WAC Highlight: Kurt Vonnegut

The following blog post is based on an assignment found on the website Slate.com, reprinted from Kurt Vonnegut: Letters, edited by Dan Wakefield and published in October of 2012 by Delacorte Press.

 Professor: Kurt Vonnegut

Course:  Taught in 1965 at the Iowa Writers’ Workshop, Vonnegut says, “This course began as Form and Theory of Fiction, became Form of Fiction, then Form and Texture of Fiction, then Surface Criticism, or How to Talk out of the Corner of Your Mouth Like a Real Tough Pro.”

 Assignment: Term Paper

After having read a collection of 15 short stories, Vonnegut asked students to create their own table of contents for the book, giving each story a grade from A to F based on their enjoyment of the story. Students were then asked to pretend to be an editor at a literary magazine that is considering publishing 6 of the stories. He asks students to write a letter to their imaginary boss in which they argue for the publication of 3 stories that pleased them the most, and against the 3 that pleased them the least.

What WAC principles does this assignment exemplify?

First, this is a highly original and unusual assignment. As such, it has plagiarism prevention built into its design, as students would be hard pressed to find resources to copy from. Furthermore, the personal nature of the writing discourages cheating, as individual student perspective and voice are central to the assignment, rather than traditional models which privilege reiterating the ‘facts.’ Second, students are being invited to participate in a sophisticated level of academic discourse and analysis used by professionals in their field, i.e. editors, but in a way that is accessible to novices. Lastly, students are writing in a way that involves them in an ongoing and open ended critical conversation about literature. The assignment promotes critical thinking by having students engage with the texts in a way that forces them to reflect on how the stories make them feel, and argue convincingly based on that feeling. They will have to make strong connections between their own unique visceral, impressionistic responses to the stories and the particular elements of the stories that affected them in such a way, and out of this relationship craft an original argument.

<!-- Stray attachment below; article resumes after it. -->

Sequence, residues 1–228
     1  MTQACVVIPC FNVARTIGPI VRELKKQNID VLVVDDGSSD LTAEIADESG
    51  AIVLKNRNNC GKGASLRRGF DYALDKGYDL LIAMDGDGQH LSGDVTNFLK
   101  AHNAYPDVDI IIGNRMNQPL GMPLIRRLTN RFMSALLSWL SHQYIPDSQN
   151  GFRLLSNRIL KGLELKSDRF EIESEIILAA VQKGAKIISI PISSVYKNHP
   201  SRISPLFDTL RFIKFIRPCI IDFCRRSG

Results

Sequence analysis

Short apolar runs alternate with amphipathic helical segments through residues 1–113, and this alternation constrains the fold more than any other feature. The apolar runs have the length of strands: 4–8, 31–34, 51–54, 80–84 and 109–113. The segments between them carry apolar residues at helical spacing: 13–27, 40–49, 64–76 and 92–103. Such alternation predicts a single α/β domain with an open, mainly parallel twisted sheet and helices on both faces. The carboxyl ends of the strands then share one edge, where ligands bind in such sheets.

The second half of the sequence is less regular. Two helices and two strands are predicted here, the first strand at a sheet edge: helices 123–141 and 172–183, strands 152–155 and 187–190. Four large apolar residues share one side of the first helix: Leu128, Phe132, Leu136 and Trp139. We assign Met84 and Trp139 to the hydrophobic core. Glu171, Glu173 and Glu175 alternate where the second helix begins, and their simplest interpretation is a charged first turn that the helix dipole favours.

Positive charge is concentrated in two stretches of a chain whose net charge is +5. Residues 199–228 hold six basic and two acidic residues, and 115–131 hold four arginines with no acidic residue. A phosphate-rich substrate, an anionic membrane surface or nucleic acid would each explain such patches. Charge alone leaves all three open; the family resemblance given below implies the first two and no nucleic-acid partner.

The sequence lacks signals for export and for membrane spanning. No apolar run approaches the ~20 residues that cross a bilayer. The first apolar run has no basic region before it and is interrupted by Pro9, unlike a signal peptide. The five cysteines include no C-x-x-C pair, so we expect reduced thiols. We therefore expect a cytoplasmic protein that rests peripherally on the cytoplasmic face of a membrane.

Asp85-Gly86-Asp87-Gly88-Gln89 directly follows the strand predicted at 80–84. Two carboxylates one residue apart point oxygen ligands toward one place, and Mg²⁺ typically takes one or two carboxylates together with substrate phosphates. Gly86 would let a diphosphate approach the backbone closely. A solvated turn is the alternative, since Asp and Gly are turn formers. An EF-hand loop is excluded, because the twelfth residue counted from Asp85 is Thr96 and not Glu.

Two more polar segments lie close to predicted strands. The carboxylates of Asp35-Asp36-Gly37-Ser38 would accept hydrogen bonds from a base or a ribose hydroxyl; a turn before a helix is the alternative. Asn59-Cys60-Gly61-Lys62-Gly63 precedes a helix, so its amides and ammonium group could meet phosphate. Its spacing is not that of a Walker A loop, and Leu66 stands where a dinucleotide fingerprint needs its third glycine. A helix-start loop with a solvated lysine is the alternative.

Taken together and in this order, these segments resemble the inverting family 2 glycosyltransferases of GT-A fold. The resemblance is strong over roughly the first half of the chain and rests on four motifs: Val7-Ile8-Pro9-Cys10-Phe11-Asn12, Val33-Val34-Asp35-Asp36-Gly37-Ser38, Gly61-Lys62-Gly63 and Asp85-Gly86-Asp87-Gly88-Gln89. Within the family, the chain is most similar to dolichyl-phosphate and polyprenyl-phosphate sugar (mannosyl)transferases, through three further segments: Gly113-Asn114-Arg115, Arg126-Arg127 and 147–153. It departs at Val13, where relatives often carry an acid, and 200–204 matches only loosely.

How might this type of assignment be used in other courses across the curriculum?

An assignment like this could be used across the curriculum to engage students in drawing on their personal experience with a text, idea, concept, lab experiment, film, design, compute program, etc… and developing a sophisticated argument grounded in that experience. Students could write similar reviews of architectural designs and structures for an imaginary magazine; they could review dental hygiene technology or practices; students could argue for or against philosophers being included in a philosophy course syllabus.